The FTC collects complaints about companies that allegedly violate the data privacy, data security, advertising, and marketing laws. The result is a massive database of consumer complaints known as “Consumer Sentinel” that is used by the FTC and other consumer protection regulators to identify and investigate enforcement targets.

Regulators can use Consumer Sentinel to search for complaints on any company. They can also request that the database alert them to new complaints about an organization, or connect them with other law enforcement agencies that might have an interest in investigating the same organization. In addition to these functionalities, the FTC also creates a “Top Violator” report and a “Surge” report that track those organizations that the FTC believes may have a suspicious pattern of consumer complaints.1 The end result is that the vast majority of FTC enforcement actions target companies identified within the FTC’s database. The following provides a snapshot of information concerning the FTC’s Consumer Sentinel.

28 million

Number of consumer complaints maintained in Consumer Sentinel.2

93.8%

Percentage of FTC enforcement actions that target a company found in Consumer Sentinel.3

35

Number of government agencies that contribute complaints to the FTC’s Consumer Sentinel.4

195

Number of distinct “law violations” tracked by the FTC.5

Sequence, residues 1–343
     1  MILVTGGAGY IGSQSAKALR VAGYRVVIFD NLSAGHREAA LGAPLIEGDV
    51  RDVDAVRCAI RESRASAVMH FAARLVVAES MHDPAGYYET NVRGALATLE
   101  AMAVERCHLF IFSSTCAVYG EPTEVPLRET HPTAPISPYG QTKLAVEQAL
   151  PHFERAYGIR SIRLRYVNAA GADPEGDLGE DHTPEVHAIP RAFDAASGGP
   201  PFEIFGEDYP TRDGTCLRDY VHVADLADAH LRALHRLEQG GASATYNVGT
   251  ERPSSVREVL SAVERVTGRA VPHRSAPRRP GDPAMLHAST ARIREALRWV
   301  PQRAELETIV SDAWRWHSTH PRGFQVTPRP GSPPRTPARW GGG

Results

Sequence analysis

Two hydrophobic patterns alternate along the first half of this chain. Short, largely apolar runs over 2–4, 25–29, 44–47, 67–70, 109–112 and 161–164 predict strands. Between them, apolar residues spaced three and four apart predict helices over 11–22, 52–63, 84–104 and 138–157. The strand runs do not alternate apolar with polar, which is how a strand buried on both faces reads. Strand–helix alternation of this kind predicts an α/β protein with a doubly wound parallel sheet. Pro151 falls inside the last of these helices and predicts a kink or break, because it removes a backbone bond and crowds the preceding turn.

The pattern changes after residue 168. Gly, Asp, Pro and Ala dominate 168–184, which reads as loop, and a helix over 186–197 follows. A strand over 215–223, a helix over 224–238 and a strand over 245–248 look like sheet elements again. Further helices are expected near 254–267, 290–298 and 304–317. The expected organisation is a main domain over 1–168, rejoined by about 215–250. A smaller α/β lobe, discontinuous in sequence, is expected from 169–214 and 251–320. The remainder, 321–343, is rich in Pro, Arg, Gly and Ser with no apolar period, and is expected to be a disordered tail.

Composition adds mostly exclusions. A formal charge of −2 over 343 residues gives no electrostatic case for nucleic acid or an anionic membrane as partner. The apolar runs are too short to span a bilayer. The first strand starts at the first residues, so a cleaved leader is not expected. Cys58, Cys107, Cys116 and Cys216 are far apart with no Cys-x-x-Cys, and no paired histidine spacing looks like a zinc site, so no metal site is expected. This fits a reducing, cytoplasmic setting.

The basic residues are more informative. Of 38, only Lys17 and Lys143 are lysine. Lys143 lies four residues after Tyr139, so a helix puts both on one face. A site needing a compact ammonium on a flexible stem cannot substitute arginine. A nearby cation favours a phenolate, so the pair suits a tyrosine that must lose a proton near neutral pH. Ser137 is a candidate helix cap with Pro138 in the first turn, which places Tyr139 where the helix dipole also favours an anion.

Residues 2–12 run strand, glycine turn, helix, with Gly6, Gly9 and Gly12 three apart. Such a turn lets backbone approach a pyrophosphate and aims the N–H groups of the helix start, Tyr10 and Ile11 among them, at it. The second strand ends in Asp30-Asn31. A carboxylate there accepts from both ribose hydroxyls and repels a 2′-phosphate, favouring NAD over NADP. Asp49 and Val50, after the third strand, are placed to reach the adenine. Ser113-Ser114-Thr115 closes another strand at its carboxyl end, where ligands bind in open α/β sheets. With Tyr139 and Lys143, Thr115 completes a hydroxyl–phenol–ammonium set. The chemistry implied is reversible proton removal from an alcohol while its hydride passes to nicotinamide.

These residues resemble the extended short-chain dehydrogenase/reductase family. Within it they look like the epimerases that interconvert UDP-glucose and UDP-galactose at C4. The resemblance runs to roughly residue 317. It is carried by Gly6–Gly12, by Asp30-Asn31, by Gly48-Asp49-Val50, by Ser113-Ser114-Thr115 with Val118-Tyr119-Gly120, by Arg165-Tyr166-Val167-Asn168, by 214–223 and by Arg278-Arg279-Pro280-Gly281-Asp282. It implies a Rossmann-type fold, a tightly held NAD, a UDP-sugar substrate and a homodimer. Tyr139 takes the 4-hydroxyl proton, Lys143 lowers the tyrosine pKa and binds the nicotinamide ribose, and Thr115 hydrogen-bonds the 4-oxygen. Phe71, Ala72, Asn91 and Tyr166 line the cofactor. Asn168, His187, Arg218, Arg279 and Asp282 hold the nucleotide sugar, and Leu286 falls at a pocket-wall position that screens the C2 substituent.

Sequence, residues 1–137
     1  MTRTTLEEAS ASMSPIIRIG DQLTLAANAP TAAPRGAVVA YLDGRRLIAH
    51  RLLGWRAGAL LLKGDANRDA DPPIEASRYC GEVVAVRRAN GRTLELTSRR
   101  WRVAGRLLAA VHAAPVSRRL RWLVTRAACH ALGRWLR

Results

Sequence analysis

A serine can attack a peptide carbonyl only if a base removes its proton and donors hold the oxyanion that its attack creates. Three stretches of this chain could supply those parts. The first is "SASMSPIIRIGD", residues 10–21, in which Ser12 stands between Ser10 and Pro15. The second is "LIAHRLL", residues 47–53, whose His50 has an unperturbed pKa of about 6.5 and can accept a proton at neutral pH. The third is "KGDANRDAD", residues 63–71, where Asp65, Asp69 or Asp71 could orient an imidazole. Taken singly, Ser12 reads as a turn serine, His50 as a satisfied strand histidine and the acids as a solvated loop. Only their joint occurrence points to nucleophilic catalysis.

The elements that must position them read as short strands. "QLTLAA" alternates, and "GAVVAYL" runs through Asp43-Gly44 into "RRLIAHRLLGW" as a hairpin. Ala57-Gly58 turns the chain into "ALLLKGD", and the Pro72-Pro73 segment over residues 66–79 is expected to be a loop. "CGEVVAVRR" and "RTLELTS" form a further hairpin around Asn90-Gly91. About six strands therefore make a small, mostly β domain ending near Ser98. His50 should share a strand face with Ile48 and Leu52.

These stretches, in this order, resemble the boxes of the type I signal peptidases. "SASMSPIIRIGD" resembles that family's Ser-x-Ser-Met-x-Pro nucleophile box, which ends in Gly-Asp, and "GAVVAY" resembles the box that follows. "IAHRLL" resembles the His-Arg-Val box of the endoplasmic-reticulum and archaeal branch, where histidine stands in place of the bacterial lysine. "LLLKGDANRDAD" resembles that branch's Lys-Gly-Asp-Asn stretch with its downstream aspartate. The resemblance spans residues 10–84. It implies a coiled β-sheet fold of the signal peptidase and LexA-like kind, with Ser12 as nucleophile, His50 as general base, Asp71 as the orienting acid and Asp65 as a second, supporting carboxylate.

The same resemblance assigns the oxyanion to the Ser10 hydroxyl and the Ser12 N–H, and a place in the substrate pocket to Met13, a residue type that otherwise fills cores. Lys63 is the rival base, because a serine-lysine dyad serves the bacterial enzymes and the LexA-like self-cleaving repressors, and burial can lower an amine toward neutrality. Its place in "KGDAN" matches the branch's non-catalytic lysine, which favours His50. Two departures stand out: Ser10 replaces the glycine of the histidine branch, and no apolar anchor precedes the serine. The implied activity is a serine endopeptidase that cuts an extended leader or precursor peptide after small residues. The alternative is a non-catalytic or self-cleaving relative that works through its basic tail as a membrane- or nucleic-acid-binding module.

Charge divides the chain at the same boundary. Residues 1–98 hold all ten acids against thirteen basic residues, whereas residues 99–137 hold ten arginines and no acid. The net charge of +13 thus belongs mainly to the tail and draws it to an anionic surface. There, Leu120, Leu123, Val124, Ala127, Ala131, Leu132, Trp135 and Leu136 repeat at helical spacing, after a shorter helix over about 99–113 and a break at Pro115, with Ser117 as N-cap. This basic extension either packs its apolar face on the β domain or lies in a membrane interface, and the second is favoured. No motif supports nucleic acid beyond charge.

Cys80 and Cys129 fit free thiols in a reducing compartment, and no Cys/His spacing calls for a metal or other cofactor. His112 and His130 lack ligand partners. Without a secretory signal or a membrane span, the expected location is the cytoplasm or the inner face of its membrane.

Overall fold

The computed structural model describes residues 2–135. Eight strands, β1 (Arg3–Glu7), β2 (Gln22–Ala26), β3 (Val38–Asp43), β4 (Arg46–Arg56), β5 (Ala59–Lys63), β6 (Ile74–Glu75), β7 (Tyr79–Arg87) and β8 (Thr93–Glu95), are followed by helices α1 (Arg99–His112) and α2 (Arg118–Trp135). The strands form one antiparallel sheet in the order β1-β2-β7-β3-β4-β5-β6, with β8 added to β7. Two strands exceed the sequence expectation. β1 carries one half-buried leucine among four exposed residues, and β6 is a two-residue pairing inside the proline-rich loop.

394 – 2,795

Range of complaints filed per month against the top 50 organizations tracked.6

What to think about when considering the records that the FTC maintains about your organization:

  1. Has your organization been identified as a potential enforcement target on the FTC’s Top Violator or Surge reports?
  2. Does your organization routinely track the quantity of complaints that the FTC maintains about it?
  3. Is the volume of complaints filed about your organization above, or below, those of others in your industry?
  4. If the FTC, or another regulator, searched for the complaints about your organization what potential compliance issues would they identify?
  5. If your organization were investigated by the FTC, is the volume of complaints filed about it easily explained?
  6. Is the volume of your complaints trending up, or trending down?
  7. Have plaintiffs’ law firms investigated your complaint volume?